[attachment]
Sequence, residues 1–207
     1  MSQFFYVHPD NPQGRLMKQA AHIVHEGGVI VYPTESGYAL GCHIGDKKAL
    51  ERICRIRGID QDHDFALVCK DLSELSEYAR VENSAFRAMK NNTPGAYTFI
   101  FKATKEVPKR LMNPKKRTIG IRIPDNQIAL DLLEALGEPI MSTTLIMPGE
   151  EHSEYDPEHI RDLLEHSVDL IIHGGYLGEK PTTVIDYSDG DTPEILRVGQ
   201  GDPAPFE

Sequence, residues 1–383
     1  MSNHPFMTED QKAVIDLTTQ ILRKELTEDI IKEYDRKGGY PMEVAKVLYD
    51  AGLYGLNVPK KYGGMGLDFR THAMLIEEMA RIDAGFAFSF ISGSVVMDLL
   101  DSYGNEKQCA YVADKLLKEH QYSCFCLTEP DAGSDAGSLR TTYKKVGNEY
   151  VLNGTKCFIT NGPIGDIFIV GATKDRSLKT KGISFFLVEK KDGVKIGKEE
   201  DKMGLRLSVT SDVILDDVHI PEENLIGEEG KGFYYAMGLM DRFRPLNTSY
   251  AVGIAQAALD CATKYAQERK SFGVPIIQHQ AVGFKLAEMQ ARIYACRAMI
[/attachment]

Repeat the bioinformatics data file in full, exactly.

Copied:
Sequence, residues 1–207
     1  MSQFFYVHPD NPQGRLMKQA AHIVHEGGVI VYPTESGYAL GCHIGDKKAL
    51  ERICRIRGID QDHDFALVCK DLSELSEYAR VENSAFRAMK NNTPGAYTFI
   101  FKATKEVPKR LMNPKKRTIG IRIPDNQIAL DLLEALGEPI MSTTLIMPGE
   151  EHSEYDPEHI RDLLEHSVDL IIHGGYLGEK PTTVIDYSDG DTPEILRVGQ
   201  GDPAPFE

Sequence, residues 1–383
     1  MSNHPFMTED QKAVIDLTTQ ILRKELTEDI IKEYDRKGGY PMEVAKVLYD
    51  AGLYGLNVPK KYGGMGLDFR THAMLIEEMA RIDAGFAFSF ISGSVVMDLL
   101  DSYGNEKQCA YVADKLLKEH QYSCFCLTEP DAGSDAGSLR TTYKKVGNEY
   151  VLNGTKCFIT NGPIGDIFIV GATKDRSLKT KGISFFLVEK KDGVKIGKEE
   201  DKMGLRLSVT SDVILDDVHI PEENLIGEEG KGFYYAMGLM DRFRPLNTSY
   251  AVGIAQAALD CATKYAQERK SFGVPIIQHQ AVGFKLAEMQ ARIYACRAMI